The fairy tales asides, there’s plenty of cozy warmth in Fern and Otto’s friendship itself.




A cat and a bear working on a picture book find familiar stories in the forest.

Fern, a bear, and Otto, a cat, have a busy and full life together in a cozy seaside treehouse they share as best friends. When Fern tries to write and illustrate a book about their friendship, Otto suggests they go out into the forest for more exciting material, such as unicorns, dragons, or wish-granting genies. Instead, the pair come across stories in progress that’ll be familiar to most young readers, such as “The Tortoise and the Hare,” “The Three Bears,” and, most frightening, the witch from “Hansel and Gretel.” It’s all a “little too exciting for me,” Otto finally admits, “I really would love a story about two friends who live in a cozy house on a hill, far away from wolves and witches.” Graegin’s follow-up to her first authored picture book, Little Fox in the Forest (2017), trades that wordless experience for a more convoluted story that seems a little beside the point, as Fern and Otto neither affect the fairy tales nor are much affected by them until the final fright. But the soft illustrations of the forest adventure, with dozens of beautifully rendered critters and kids (many of color) and a rapturous depiction of the duo’s treehouse in the moonlight, make up for any narrative missteps. (This book was reviewed digitally with 10-by-22.6-inch double-page spreads viewed at actual size.)

The fairy tales asides, there’s plenty of cozy warmth in Fern and Otto’s friendship itself. (Picture book. 3-7)

Pub Date: Sept. 8, 2020

ISBN: 978-0-593-12130-6

Page Count: 40

Publisher: Schwartz & Wade/Random

Review Posted Online: June 30, 2020

Kirkus Reviews Issue: July 15, 2020

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Hee haw.

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The print version of a knee-slapping cumulative ditty.

In the song, Smith meets a donkey on the road. It is three-legged, and so a “wonky donkey” that, on further examination, has but one eye and so is a “winky wonky donkey” with a taste for country music and therefore a “honky-tonky winky wonky donkey,” and so on to a final characterization as a “spunky hanky-panky cranky stinky-dinky lanky honky-tonky winky wonky donkey.” A free musical recording (of this version, anyway—the author’s website hints at an adults-only version of the song) is available from the publisher and elsewhere online. Even though the book has no included soundtrack, the sly, high-spirited, eye patch–sporting donkey that grins, winks, farts, and clumps its way through the song on a prosthetic metal hoof in Cowley’s informal watercolors supplies comical visual flourishes for the silly wordplay. Look for ready guffaws from young audiences, whether read or sung, though those attuned to disability stereotypes may find themselves wincing instead or as well.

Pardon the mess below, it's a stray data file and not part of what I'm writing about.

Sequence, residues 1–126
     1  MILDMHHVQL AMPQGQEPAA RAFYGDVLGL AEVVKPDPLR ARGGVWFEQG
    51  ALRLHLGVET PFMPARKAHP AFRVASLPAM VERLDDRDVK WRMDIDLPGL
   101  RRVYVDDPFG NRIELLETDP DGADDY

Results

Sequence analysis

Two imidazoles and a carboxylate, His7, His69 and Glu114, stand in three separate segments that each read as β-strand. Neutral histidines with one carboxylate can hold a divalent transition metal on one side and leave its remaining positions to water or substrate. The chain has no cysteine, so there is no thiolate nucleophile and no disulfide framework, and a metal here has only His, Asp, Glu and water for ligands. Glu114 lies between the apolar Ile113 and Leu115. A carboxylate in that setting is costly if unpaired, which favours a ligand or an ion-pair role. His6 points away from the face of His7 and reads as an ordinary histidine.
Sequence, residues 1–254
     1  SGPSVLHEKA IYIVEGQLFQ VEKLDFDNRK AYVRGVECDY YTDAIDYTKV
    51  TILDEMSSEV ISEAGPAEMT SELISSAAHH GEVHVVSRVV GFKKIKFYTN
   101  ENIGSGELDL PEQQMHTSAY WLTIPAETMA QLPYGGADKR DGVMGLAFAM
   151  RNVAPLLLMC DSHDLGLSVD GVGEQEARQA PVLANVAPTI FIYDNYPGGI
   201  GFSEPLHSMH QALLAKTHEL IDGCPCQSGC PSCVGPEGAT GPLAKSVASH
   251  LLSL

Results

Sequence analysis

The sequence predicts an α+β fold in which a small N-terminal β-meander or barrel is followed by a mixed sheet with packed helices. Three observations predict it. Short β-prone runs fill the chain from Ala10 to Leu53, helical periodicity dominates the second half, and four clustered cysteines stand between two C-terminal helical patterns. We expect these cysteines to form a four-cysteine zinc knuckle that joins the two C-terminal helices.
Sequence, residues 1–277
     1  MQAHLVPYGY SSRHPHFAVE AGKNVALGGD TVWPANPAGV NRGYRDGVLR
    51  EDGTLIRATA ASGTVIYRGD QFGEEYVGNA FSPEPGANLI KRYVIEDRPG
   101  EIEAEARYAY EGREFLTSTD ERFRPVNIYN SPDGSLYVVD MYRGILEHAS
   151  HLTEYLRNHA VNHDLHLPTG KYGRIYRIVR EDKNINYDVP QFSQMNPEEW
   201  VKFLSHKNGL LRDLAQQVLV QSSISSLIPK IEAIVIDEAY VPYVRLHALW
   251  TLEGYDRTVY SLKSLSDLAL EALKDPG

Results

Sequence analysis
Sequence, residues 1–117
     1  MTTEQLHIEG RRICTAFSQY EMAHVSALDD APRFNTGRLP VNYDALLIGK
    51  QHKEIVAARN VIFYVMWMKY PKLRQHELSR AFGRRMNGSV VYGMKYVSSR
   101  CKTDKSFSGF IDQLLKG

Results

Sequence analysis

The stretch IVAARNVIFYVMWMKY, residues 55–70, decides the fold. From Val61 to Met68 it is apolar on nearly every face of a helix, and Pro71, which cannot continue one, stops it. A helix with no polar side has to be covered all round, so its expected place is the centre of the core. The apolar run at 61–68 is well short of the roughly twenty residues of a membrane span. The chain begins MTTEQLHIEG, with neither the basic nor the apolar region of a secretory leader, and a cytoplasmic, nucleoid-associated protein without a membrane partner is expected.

Hee haw. (Picture book. 5-7)

Pub Date: May 1, 2010

ISBN: 978-0-545-26124-1

Page Count: 26

Publisher: Scholastic

Review Posted Online: Dec. 29, 2018

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Spires’ understanding of the fragility and power of the artistic impulse mixes with expert pacing and subtle...


Making things is difficult work. Readers will recognize the stages of this young heroine’s experience as she struggles to realize her vision.

First comes anticipation. The artist/engineer is spotted jauntily pulling a wagonload of junkyard treasures. Accompanied by her trusty canine companion, she begins drawing plans and building an assemblage. The narration has a breezy tone: “[S]he makes things all the time. Easy-peasy!” The colorful caricatures and creations contrast with the digital black outlines on a white background that depict an urban neighborhood. Intermittent blue-gray panels break up the white expanses on selected pages showing sequential actions. When the first piece doesn’t turn out as desired, the protagonist tries again, hoping to achieve magnificence. A model of persistence, she tries many adjustments; the vocabulary alone offers constructive behaviors: she “tinkers,” “wrenches,” “fiddles,” “examines,” “stares” and “tweaks.” Such hard work, however, combines with disappointing results, eventually leading to frustration, anger and injury. Explosive emotions are followed by defeat, portrayed with a small font and scaled-down figures. When the dog, whose expressions have humorously mirrored his owner’s through each phase, retrieves his leash, the resulting stroll serves them well. A fresh perspective brings renewed enthusiasm and—spoiler alert—a most magnificent scooter sidecar for a loyal assistant.

Spires’ understanding of the fragility and power of the artistic impulse mixes with expert pacing and subtle characterization for maximum delight. (Picture book. 4-7)

Pub Date: April 1, 2014

ISBN: 978-1-55453-704-4

Page Count: 32

Publisher: Kids Can

Review Posted Online: Feb. 26, 2014

Kirkus Reviews Issue: March 15, 2014

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